Underlying David Frum’s “How To Say Terrible Things in an Academic Way” is the question of The West’s Next Big Trick: can it tolerate groups that are intolerant of each other? Can The West pull it off? Or will it merely pull world peace out of its hat?
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Problem or Mystery?A problem is something which I meet, which I find completely before me, but which I can therefore lay siege to and reduce. But a mystery is something in which I am myself involved, and it can therefore only be thought of as a sphere where the distinction between what is in me and what is before me loses its meaning and initial validity. -- Gabriel Marcel
Our Ways of Understanding"Our ways of understanding have been collective, beginning with the stories that we told each other around the fire when we lived in caves. Our ways today are still collective, including literature, history, art, music, religion, and science." - Freeman Dyson
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"Referee won't blow the whistle / God is good but will he listen?" -- U2
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- "When someone opposes me, he arouses my attention, not my anger. I go to meet a man who contradicts me, who instructs me. The cause of truth should be the common cause of both." -- Montaigne
- "If your anger decreases with time, you did injustice; if it increases, you suffered injustice." -- Nassim Nicholas Taleb
- "And the missionaries, they tell us we will be left behind. / Been left behind a thousand times, a thousand times." -- Arcade Fire
Incapable of doubt, incapable of faithThe majority of mankind is lazy-minded, incurious, absorbed in vanities, and tepid in emotion, and is therefore incapable of either much doubt or much faith. -- T.S. Eliot, Introduction (1931), Pascal's "Pensees"
Wittgenstein on Kierkegaard
"Kierkegaard was by far the most profound thinker of the[nineteenth] century. Kierkegaard was a saint." - Ludwig Wittgenstein, to his friend Maurice Drury.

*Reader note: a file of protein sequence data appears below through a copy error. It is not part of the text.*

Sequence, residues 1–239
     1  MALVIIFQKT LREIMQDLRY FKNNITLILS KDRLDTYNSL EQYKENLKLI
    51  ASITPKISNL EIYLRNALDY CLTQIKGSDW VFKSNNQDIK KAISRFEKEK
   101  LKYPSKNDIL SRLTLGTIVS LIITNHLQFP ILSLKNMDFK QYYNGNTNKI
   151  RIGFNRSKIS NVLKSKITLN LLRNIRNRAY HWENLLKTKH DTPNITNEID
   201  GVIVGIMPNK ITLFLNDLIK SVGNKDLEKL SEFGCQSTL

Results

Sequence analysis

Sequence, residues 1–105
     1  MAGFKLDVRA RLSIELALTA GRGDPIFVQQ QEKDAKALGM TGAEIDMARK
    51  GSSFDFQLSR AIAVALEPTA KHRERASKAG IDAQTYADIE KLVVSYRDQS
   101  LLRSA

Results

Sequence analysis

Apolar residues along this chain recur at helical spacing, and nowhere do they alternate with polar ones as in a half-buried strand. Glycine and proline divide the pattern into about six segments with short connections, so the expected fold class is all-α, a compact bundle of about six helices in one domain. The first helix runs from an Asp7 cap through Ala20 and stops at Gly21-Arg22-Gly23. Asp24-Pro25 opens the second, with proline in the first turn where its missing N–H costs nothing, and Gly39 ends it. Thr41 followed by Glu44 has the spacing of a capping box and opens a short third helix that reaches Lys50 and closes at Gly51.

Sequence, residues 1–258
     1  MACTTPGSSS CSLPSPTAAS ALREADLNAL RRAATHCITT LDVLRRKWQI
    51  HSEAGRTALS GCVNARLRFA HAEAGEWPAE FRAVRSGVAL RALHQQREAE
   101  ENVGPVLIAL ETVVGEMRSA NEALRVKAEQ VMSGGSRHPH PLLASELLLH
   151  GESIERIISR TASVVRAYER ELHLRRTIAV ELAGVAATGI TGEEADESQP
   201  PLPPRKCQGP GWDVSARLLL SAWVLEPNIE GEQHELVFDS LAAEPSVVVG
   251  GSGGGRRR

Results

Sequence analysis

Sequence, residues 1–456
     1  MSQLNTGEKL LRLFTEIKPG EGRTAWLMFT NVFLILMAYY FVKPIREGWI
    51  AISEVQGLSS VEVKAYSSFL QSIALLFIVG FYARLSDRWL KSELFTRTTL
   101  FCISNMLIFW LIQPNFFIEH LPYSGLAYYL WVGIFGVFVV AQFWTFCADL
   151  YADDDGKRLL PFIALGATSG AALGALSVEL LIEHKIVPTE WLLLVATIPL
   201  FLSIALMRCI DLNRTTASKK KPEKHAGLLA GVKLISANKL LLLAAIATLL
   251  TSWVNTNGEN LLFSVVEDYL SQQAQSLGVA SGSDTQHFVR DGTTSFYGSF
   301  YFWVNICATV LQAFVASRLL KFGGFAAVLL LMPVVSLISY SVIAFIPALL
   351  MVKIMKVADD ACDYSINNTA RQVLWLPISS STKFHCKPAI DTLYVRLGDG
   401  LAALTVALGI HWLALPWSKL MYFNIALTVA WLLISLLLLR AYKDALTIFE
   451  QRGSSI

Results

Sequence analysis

Read Wittgenstein and Kierkegaard: Religion, Individuality, and Philosophical Method by Charles L. Creegan free online.
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- Update on the Winter Edition December 23, 2015
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- lodestone: Dictionary.com Word of the Day September 29, 2016lodestone: something that attracts strongly.
- lodestone: Dictionary.com Word of the Day September 29, 2016
- Poem of the Day: The Absolutely Huge and Incredible Injustice in the World September 29, 2016What makes us so mean?We are meaner than gorillas,the ones we like to blame our genetic aggression on.It is in our nature to hide behind what Darwin said about survival,as if survival were the most important thing on earth.It isn't.You know—surely it has occurred to you—that there is no way that humankind will surviveanother million years. We'll be […]Ron Padgett
- Poem of the Day: The Absolutely Huge and Incredible Injustice in the World September 29, 2016
- Poem of the Day: "Mizar" and "Alcor" in Winter September 29, 2016By Timothy Murphy
- Poem of the Day: "Mizar" and "Alcor" in Winter September 29, 2016
- Feminist Perspectives on Class and Work September 29, 2016[Revised entry by Ann Ferguson, Rosemary Hennessy, and Mecke Nagel on September 28, 2016. Changes to: Main text, Bibliography] A good place to situate the start of theoretical debates about women, class and work is in the intersection with Marxism and feminism. Such debates were shaped not only by academic inquiries but as questions about the relation betwee […]Ann Ferguson, Rosemary Hennessy, and Mecke Nagel